In 1991, scientists probed the planet Mercury with radar beamed from Earth. They observed near the north pole areas of permanent darkness, perhaps harboring deposits of water ice. Now, observations from the Messenger probe orbiting Mercury show that the areas are definitely water ice, partially covered by dark organic deposits. Hundreds of billions of tons of ice could exist in these shadowed, frozen pits.
The planet nearest the sun has a diameter about two-fifths that of Earth and gravity about 38 percent as strong as ours. Mercury has the most eccentric orbit of any planet, with a distance ranging from 29 million to 44 million miles (46 to 70 million kilometers) from the sun. [Ice on Mercury Explained (Video)]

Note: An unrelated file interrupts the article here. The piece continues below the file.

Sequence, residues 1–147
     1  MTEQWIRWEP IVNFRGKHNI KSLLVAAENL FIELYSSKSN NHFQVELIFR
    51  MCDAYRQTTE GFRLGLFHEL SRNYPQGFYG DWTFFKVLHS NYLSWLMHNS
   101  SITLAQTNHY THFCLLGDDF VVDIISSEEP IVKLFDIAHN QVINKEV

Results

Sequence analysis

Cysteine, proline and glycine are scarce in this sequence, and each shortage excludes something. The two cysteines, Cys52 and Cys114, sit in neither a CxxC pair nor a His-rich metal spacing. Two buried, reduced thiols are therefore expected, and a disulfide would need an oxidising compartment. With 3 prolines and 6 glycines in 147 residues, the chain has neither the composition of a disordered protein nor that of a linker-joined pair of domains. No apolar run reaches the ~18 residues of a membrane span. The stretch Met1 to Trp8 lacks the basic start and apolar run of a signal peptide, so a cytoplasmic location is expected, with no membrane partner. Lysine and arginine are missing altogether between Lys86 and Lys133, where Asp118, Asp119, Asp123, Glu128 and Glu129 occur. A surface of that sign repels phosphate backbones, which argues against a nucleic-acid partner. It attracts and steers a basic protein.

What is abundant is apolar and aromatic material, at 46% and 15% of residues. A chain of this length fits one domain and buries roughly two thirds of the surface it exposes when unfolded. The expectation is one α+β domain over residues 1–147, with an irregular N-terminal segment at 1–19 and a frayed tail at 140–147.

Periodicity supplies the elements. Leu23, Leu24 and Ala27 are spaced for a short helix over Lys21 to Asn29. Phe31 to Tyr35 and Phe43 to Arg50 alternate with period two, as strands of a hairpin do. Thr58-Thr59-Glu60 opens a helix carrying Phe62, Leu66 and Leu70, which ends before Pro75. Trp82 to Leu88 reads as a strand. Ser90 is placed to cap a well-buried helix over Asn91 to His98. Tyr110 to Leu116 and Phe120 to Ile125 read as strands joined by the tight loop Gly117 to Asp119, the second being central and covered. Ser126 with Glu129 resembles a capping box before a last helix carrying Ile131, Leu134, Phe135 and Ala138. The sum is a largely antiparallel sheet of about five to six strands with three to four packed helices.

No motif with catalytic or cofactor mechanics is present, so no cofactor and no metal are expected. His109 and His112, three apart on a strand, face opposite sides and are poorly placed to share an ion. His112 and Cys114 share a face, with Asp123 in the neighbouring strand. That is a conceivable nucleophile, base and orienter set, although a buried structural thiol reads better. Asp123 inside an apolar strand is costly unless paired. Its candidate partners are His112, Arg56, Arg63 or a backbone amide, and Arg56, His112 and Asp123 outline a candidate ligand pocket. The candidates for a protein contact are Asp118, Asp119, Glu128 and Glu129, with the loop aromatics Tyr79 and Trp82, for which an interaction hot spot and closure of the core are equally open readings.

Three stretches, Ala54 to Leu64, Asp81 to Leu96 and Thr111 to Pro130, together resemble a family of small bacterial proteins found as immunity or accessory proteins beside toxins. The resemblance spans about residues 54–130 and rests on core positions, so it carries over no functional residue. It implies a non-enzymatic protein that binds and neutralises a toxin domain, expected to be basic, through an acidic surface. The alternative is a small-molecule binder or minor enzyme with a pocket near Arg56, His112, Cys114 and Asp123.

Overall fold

With a diameter of 3,032 miles (4,879 km), Mercury is slightly larger than Earth’s moon.
As Mercury orbits the sun, some areas within deep craters never receive direct sunlight. The cold areas have been stable for up to billions of years, allowing ancient ice to be preserved despite Mercury’s proximity to the sun. The ice may have been carried to Mercury by comets falling from the outer reaches of the solar system.
Scientists confirmed the ice by using an instrument on the Messenger spacecraft that detects neutrons. It is suspected that Mercury’s south pole also harbors ice deposits, but the Messenger probe’s orbit has not allowed for measurements of the southern region yet.